**Question:** Let $G$ be a finite group and let $P$ be a $\rm II_1$ factor. Assume that $G$ acts on $P$ in a trace-preserving manner, such that the crossed product algebra $P \rtimes G$ is a factor. Is $G \curvearrowright^{\sigma} P$ outer?

**Motivation:** It's mentioned in Example 2.3.3(b) in Jones-Sunder's book that the above result is true. However, the proof is not given. I tried to prove it myself, but got stuck. Below is my attempt.

**Attempt:** Suppose $G \curvearrowright^{\sigma} P$ is not outer. Then there exists $g \in G$, $g \neq e$ such that $\sigma_g$ is inner. Assume that $\sigma_g =id$. Let $v =\sum_{h \in G} u_h u_g u_{h^{-1}}$. Then, it's easy to verify that $v $ lies in the center of $P \rtimes G$, and hence is a scalar. Now, let $H=C_G(g)$. Then, $v= \sum_{h \in H} u_g + \sum_{h \in G \setminus H} u_{hgh^{-1}}=c \in \mathbb C$. Therefore, $|H| + \sum_{h \in G \setminus H} u_{hgh^{-1}g^{-1}}=cu_{g^{-1}} $. Taking traces on both sides, we get that $|H|=0$, which is a contradiction.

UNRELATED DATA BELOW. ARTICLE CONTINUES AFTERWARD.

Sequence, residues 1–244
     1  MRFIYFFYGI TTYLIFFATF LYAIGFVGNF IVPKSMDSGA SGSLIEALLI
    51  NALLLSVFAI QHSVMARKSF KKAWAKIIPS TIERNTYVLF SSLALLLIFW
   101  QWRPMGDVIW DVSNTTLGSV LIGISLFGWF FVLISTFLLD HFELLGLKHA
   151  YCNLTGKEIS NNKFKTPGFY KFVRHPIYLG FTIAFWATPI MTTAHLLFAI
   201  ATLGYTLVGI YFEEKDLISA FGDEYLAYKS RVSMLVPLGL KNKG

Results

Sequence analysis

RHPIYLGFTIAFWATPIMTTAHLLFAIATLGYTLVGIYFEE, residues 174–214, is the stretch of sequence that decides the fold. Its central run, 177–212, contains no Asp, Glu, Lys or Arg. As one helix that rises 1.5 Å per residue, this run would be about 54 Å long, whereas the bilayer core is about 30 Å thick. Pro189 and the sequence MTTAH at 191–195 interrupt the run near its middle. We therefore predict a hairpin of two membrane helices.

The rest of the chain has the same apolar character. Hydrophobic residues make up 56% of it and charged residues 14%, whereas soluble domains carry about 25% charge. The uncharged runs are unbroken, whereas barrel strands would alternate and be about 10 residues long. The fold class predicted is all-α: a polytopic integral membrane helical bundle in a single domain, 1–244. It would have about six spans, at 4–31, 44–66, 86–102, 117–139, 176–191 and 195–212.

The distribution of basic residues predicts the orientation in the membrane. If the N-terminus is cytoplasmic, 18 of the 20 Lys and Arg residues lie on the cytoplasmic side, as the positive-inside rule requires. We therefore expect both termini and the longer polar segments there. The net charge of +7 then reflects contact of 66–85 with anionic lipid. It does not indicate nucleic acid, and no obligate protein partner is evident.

I tried a similar trick when $\sigma_g=ad(u)$ for some unitary $u \in P$. I took $v= \sum_{h \in G} u_h u^{\ast}u_{gh^{-1}}$. I can show that $v $ lies in the center of $P \rtimes G$, and hence is a scalar. However, I got stuck after that.